Retaliation claims under Title VII and the ADEA are analyzed under the same three-step burden shifting paradigm for the intentional discrimination claims discussed above. Kwan v. Andalex Grp., 737 F.3d 834, 843 (2d Cir. 2013) ("[f]ederal . . . law retaliation claims are reviewed under the burden-shifting approach of McDonnell Douglas"). The prima facie test differs in that the plaintiff must demonstrate that: (1) she engaged in protected activity; (2) defendant was aware of that activity; (3) plaintiff suffered a materially adverse employment action; and (4) there was a causal connection between the protected activity and that adverse action. Fincher v. Depository Trust & Clearing Corp., 604 F.3d 712, 720 (2d Cir. 2010); Gorzynski v. JetBlue Airways Corp., 596 F.3d 93, 110 (2d Cir. 2010). Additionally, a retaliatory motive must be the but-for cause of the adverse employment action. Univ. of Tex. Sw. Med. Ctr. v. Nassar, 570 U.S. 338, 352 (2013); Kwan, 737 F.3d at 845 (Title VII); Ninying v. New York City Fire Dep't, 807 Fed. App. 112, 115 (2d Cir. 2020) (summary order) (the "conclusory allegation fails to state a retaliation claim under either the ADEA or Title VII, both of which required him to allege that his protected activity was the but-for cause of the adverse employment action").
The first two prongs of the prima facie case are not disputed. Plaintiff engaged in protected activity by filing her administrative charge with the SDHR and the EEOC on July 11, 2017, and the DOE was aware of the charge.
The alleged retaliation is Mercedes having sent Plaintiff disciplinary notices in May 2018 after having assured Plaintiff that all disciplinary cases against her were resolved. (MOL in Opp'n at 28.) In the retaliation context, there is a broader definition of what constitutes adverse action. Retaliation includes any employer action that is "materially adverse." Burlington N. & Santa Fe Ry. v. White, 548 U.S. 53, 68 (2006). This means any action that "might have dissuaded a reasonable worker from making or supporting a charge of discrimination." Id. (internal quotation omitted). "Materially adverse" actions include more than employment actions such as denial of promotion, non-hire, denial of job benefits, demotion, suspension, discharge, or other actions that can be challenged directly as employment discrimination. Retaliation includes an employer action that is work-related, or one that has no tangible effect on employment, or even an action that takes place exclusively outside of work, as long as it may dissuade a reasonable person from engaging in protected activity. Id. at 63. By contrast, a petty slight, minor annoyance, trivial punishment, or any other action that is not likely to dissuade an employee from engaging in protected activity in the circumstances is not "materially adverse." See Davis-Garett v. Urban Outfitters, Inc., 921 F.3d 30, 43 (2d Cir. 2019) (citing Burlington, 548 U.S. at 68-69).
While a disciplinary notice or letter could constitute an adverse action in some situations, in this case there were no consequences to Plaintiff. The notices simply included information and were based on information developed prior to the date when Plaintiff filed her charge of discrimination. Additionally, the notices of discipline were sent nearly a year after Plaintiff's retirement and did not result in any consequences to Plaintiff. Thus, these notices do not rise to the level of materially adverse actions on which a retaliation claim could be premised. But, even assuming they could be deemed adverse actions, because the notices were supported by evidence developed prior to the date Plaintiff filed her charge and sent so long after she filed her charge, the mere sending of the notices is insufficient evidence from which a reasonable jury could conclude there was a retaliatory motive. In other words, the timing is such that a retaliatory motive cannot be inferred. Furthermore, given that the evidence demonstrates Mercedes had an obligation to send the notices, there is a non-retaliatory explanation for them being sent which Plaintiff has not contradicted with any evidence. Accordingly, Plaintiff has failed to established a prima facie case of retaliation. See White, 2014 WL 1273770, at *20 (granting summary judgment; letters supporting negative rating sent after plaintiff filed administrative charge of discrimination not sufficient evidence of retaliatory motive when evidence pre-dating charge supported the negative evaluation); see also Fahmy v. Duane Reade, Inc., No. 4-cv-1798 (DLC), 2006 WL 1582084, at *12 (S.D.N.Y. June 9, 2006) (holding, in part, that a reprimand letter received in July 2002 was sent too long after protected activity that occurred in January 2002 to evince a causal connection for purposes of establishing a retaliation claim) (internal citation omitted); Clark County School Dist. v. Breeden, 532 U.S. 268, 273-74 (2001) (citing cases where three and four-month gaps between protected activities and adverse employment actions were insufficient to establish causation for a retaliation claim). Thus, summary judgment also should be granted as to Plaintiff's retaliation claims.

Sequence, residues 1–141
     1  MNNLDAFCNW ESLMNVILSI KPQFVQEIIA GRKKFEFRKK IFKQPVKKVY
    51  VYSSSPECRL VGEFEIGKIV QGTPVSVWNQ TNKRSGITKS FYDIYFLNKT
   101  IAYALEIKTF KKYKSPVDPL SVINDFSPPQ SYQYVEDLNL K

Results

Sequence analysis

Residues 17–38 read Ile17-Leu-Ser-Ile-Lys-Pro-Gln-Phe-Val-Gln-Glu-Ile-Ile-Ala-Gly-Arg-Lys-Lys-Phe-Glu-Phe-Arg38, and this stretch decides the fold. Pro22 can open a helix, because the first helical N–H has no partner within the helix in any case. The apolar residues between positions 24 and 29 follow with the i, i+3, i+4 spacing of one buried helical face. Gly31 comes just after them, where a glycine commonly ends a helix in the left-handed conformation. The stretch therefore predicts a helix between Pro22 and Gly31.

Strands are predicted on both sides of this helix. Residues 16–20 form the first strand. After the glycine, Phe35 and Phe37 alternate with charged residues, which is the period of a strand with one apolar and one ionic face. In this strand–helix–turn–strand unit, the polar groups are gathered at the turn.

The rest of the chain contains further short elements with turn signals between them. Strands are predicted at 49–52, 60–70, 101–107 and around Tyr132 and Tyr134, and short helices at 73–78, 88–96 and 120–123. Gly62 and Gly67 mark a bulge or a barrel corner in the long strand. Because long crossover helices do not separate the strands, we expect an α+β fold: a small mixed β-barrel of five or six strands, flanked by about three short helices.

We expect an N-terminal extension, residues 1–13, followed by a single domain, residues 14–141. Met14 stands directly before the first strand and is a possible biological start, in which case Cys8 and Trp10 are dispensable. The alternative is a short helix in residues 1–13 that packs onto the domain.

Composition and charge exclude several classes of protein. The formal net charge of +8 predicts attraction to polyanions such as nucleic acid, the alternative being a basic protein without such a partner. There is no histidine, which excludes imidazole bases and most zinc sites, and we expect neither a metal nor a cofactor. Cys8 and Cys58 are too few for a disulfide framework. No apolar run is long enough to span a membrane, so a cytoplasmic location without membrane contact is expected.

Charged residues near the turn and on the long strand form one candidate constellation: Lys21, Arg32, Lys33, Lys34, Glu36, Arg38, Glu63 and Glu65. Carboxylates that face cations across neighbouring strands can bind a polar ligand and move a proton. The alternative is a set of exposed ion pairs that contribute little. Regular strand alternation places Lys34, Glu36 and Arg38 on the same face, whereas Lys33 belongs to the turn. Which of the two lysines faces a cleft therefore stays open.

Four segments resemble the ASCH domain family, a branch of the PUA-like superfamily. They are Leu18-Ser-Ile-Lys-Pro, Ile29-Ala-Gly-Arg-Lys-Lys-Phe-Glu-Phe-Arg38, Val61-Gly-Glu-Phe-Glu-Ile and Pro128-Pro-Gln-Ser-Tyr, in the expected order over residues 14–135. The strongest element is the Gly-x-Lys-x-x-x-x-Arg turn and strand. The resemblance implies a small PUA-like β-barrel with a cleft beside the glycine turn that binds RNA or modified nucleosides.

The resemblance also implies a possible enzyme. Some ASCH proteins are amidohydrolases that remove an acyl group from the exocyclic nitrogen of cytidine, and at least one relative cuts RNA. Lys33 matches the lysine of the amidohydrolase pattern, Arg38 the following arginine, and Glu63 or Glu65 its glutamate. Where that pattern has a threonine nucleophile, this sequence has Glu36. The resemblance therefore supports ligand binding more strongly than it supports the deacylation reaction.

For the reasons set forth above, I respectfully recommend that Defendants' motion for summary judgment (ECF No. 72) be GRANTED in its entirety.
Respectfully submitted, Date: November 30, 2020
New York, New York
KATHARINE H. PARKER
United States Magistrate Judge
The parties shall have fourteen days from the service of this Report and Recommendation to file written objections to the Report and Recommendation, pursuant to 28 U.S.C. § 636(b)(1) and Rule 72(b) of the Federal Rules of Civil Procedure. See also Fed. R. Civ. P. 6(a), (d) (adding three additional days only when service is made under Fed. R. Civ. P. 5(b)(2)(C) (mail), (D) (leaving with the clerk), or (F) (other means consented to by the parties)). If any party files written objections to this Report and Recommendation, the opposing party may respond to the objections within fourteen days after being served with a copy. Fed. R. Civ. P. 72(b)(2). Such objections shall be filed with the Clerk of the Court, with courtesy copies delivered to the chambers of the Honorable Katherine P. Failla at the United States Courthouse, 40 Foley Street, New York, New York 10007, and to any opposing parties. See 28 U.S.C. § 636(b)(1); Fed. R. Civ. P. 6(a), 6(d), 72(b). Any requests for an extension of time for filing objections must be addressed to Judge Failla. The failure to file these timely objections will result in a waiver of those objections for purposes of appeal. See 28 U.S.C. § 636(b)(1); Fed. R. Civ. P. 6(a), 6(d), 72(b); Thomas v. Arn, 474 U.S. 140 (1985).
Chiaramonte v. Animal Med. Ctr., 677 F. App'x 689, 691-92 (2d Cir. 2017) (summary order).
Kunik v. N.Y.C. Dep't of Educ., — F. App'x —, No. 20-741-cv, 2021 WL 137882, at *2 (2d Cir. Jan. 15, 2021), as amended (Jan. 26, 2021) (summary order).